According to this provision, certain categories of law enforcement officers have been given the opportunity to be "reappointed." However, under no circumstances may a person who is over the age of forty-five be "reappointed" unless his or her separation from service was due to a layoff.

The Board correctly concluded that these two statutes do not deal with the same subject matter and that N.J.S.A. 40A:14-127.1 simply has no impact upon the return to service of formerly disabled police officers governed by N.J.S.A. 43:16A-8(2). Pursuant to the plain language of N.J.S.A. 43:16A-8, once a person is determined no longer disabled, the appointing authority is required to return the officer to active duty or, in the language of the regulation, to "reinstate" the officer to the same or as near as the same position as he or she previously occupied. The purpose of this legislation is to return the previously disabled employee to work as if the officer had never been disabled and the officer's service had never been interrupted. On the other hand, N.J.S.A. 40A:14-127.1 pertains to situations involving a return to law enforcement when a former law enforcement officer has actually left his or her prior employment and is attempting to be rehired by an appointing authority which may or may not be his or her previous employer.

In re Allen, 262 N.J. Super. 438 (App. Div. 1993) recognized the unique position of a disabled PFRS member who has been declared able to resume the member's former law enforcement or firefighting duties. The issue presented in Allen concerned whether prior and current seniority must be aggregated upon the return to duty of a formerly disabled member. Judge Baime noted the critical difference between a PFRS member who retired due to disability and the member who left service for other reasons. He wrote:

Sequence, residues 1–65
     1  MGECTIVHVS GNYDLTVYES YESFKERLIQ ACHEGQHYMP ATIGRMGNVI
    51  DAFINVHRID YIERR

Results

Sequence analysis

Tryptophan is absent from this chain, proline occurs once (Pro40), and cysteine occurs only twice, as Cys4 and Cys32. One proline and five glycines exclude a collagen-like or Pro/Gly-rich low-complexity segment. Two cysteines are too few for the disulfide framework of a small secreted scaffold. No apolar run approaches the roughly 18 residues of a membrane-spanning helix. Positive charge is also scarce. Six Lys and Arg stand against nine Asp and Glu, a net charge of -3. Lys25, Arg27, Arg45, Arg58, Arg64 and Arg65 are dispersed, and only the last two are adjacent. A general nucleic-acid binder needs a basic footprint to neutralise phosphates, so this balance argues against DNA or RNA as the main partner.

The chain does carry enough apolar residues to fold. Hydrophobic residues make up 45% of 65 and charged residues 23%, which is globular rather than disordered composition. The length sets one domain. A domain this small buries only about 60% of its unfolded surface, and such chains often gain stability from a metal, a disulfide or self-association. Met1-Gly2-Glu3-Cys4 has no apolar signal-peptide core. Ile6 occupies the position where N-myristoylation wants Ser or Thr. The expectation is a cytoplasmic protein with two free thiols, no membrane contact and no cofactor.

It is apparent that the grant of disability retirement is conditioned on the continuation of the incapacity. If the retired employee regains the ability to perform his or her duties, the Legislature mandated that he or she be returned to the former position. The Legislature clearly recognized that individuals returning from a disability retirement are in a unique situation, plainly different from all other employees returning to active service. Their separation from employment is unlike the voluntary separation of other civil servants whose seniority is not aggregated. [262 N.J. Super. at 444.]

This reasoning is equally applicable to this case.

The appointing authority attempts to buttress its argument on the premise that the two statutes in question, N.J.S.A. 43:16A-8 and N.J.S.A. 40A:14-127.1, deal with the same subject matter. From that premise, the appointing authority invokes a well-recognized canon of statutory interpretation that the more recent enactment, N.J.S.A. 40A:14-127.1, should be considered to control the interpretation of the provisions which are in conflict. However, for the reasons expressed above, we have determined that the two statutes do not concern the same subject. Accordingly, the mandatory hiring age requirement set forth in N.J.S.A. 40A:14-127.1 does not impact or otherwise limit the return to employment provisions of N.J.S.A. 43:16A-8.

The Borough also argues that N.J.A.C. 4A:4-7.12, a regulation, cannot supersede or alter the provisions of the N.J.S.A. 40A:14- 127.1, a statute. We do not disagree with the basic premise that a regulation cannot supersede or alter a statute. New Jersey Chamber of Commerce v. New Jersey Election Law Enforcement Comm'n, 82 N.J. 57, 82 (1980). This court, however, has previously held that the regulation is consistent with the statutory mandate of N.J.S.A. 43:16A-8(2) and affirms the long-standing agency interpretation of the statute. Allen, supra, 262 N.J. Super. at 445.

Finally, we address Hundemann's and Terebetski's cross-appeals. Each officer contends he is entitled to back pay from the date the appointing authority was ordered to reinstate the men. In each case, the Board found that the circumstances did not warrant an award of back pay. We affirm on this issue substantially for the reasons expressed by the Board.

Affirmed.